The 2017 Atlantic hurricane season was the fourth year in a row that the Atlantic Ocean was home to hurricanes, and the second time that the season had been unusually violent, according to new data from the National Hurricane Center.
The Atlantic hurricane seasons are now expected to continue to produce storms for several more years.
And the Atlantic will have another record-breaking year for hurricanes in 2020.
The first season of the year was the fifth year in 15 years, and there have been 13 storms this year alone.
The season that followed last year, which ended with Hurricane Maria, produced a total of 12 hurricanes and more than 70 tropical storms.
More than two-thirds of the Atlantic hurricanes in the first three years of the century were Category 5 or higher, the highest category, according the National Oceanic and Atmospheric Administration.
That’s a huge jump from 2015, when only 20 percent of hurricanes were Category 4 or lower.
Category 4 hurricanes were the strongest Category 5 storms in history.
In terms of damage, the 2017 season was second to last in terms of fatalities, with 5.2 million deaths from storms across the Atlantic.
The 2017 season has also been the worst year on record for coastal areas in terms: It was the deadliest year on the island of St. Lucia, where 1,049 people died from storms that hit the islands of the Caribbean and St. Vincent and the Grenadines, and more deaths were recorded in Haiti than any other hurricane.
More people died in the Caribbean, in Puerto Rico, in the United States and in Australia.
The most severe storm, Harvey, killed at least 578 people in Texas.
Harvey’s strongest winds reached 100 miles per hour.
At least four of the storms that created the strongest winds of any hurricane season since at least 1930 also caused at least six deaths.
Hurricane season 2017 was the worst season in Atlantic hurricane history, but the most dangerous year on Record for Atlantic hurricanes since at at least 1928.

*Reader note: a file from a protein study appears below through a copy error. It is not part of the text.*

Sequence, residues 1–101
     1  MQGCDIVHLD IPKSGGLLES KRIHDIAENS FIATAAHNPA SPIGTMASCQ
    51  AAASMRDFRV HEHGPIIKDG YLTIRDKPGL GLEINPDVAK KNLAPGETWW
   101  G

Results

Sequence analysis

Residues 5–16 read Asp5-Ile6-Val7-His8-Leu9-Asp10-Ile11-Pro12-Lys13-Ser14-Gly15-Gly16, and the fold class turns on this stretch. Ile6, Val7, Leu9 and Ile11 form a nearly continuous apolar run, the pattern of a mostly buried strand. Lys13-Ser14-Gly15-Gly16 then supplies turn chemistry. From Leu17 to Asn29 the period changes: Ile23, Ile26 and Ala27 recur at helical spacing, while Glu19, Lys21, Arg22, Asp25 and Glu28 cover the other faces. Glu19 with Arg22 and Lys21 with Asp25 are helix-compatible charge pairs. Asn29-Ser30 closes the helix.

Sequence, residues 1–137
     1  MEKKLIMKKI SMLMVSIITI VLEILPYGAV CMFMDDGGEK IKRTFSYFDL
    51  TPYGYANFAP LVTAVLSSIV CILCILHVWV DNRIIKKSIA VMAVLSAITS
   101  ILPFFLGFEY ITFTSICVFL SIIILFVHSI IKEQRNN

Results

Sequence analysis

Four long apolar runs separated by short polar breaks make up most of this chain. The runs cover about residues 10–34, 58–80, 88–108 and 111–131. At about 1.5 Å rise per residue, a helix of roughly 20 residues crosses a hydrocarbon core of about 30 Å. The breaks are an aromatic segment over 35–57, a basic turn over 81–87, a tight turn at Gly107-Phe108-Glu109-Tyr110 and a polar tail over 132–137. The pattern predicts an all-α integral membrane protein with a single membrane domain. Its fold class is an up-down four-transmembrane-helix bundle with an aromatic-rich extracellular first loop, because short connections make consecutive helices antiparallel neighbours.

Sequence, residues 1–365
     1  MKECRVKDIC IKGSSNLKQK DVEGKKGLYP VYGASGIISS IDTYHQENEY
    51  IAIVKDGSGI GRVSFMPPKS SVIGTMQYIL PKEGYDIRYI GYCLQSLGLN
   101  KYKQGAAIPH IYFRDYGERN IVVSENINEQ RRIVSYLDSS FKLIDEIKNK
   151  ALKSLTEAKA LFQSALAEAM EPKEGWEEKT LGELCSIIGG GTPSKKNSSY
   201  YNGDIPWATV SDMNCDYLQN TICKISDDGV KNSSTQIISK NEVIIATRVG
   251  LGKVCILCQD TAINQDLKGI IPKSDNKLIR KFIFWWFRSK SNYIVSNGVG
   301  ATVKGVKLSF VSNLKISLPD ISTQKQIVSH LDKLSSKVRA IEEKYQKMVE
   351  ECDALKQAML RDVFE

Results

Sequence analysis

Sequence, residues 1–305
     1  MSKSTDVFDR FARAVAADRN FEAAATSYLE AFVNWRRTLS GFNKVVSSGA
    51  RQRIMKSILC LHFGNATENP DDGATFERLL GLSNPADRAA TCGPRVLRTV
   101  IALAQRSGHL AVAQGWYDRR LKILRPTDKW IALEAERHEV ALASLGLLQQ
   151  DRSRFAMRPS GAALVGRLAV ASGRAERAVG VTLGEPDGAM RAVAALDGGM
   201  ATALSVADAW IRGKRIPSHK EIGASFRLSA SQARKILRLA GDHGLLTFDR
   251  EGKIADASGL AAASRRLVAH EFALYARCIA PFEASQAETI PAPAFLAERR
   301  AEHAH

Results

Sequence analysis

That makes it the third year in three years that hurricanes have killed more people than all of last year combined.
In 2016, Harvey killed at most 578, but in 2017, more than 3,300 people died.
The deadliest year in Atlantic history, in terms, since at the end of the Second World War, was Hurricane Wilma in 2008, which killed at best 521 people, according NOAA.
Harvey and Wilma both were Category 3 or higher.
Hurricanes Irma and Maria, the most destructive hurricanes to hit the United Kingdom in the past century, killed more than 5,000 people, NOAA reported.
Irma killed more deaths than any of the previous five years.
Hurricane Maria was the second-most destructive hurricane to hit Puerto Rico.
More deaths were reported in the US than all but one hurricane in Atlantic storm history, Harvey in 2016.
Irma caused damage to property in the Virgin Islands and Puerto Rico as much as $14 billion, according a report from the International Organization for Migration.
The worst year for tornadoes in Atlantic Atlantic history occurred in 2018, when at least 661 people were killed.
Storms in Atlantic in 2018 had a combined death toll of 6,973, according To The Sky, an NGO working to protect the islands.
Hurricane Irene in 2018 caused at most $3.7 billion in damages, according NASA.
A record-setting year for storms in the Atlantic, 2017 was followed by an average of 3.8 hurricanes a year.
The last time there was a hurricane season that produced as many storms as hurricanes was in 1928, when there were 6,074 storms.
It was during the 1950s, when storms were much more common.
The latest year with a record-tying number of hurricanes was 2012, when 821 storms were recorded.
NOAA and the U.S. National Hurricane Centre released the new storm season predictions Monday.
Hurricane conditions, which are defined as wind speeds of 130 mph or greater and wind gusts of 75 mph or more, will be most intense in late October and November.
The storm season begins in late November and runs through early March.
It is expected to be particularly brutal in the summer, with a low of 30 degrees Fahrenheit and temperatures of more than 90 degrees Fahrenheit.
A hurricane is a category four or five hurricane that has sustained sustained winds exceeding 100 mph.
There are now five hurricane seasons.
There will be two more in the coming months, the third in early December and the fourth in late December.
There is no guarantee that a hurricane will make landfall, though the National Weather Service has said that it has been the most active hurricane season in the history of the National Climatic Data Center.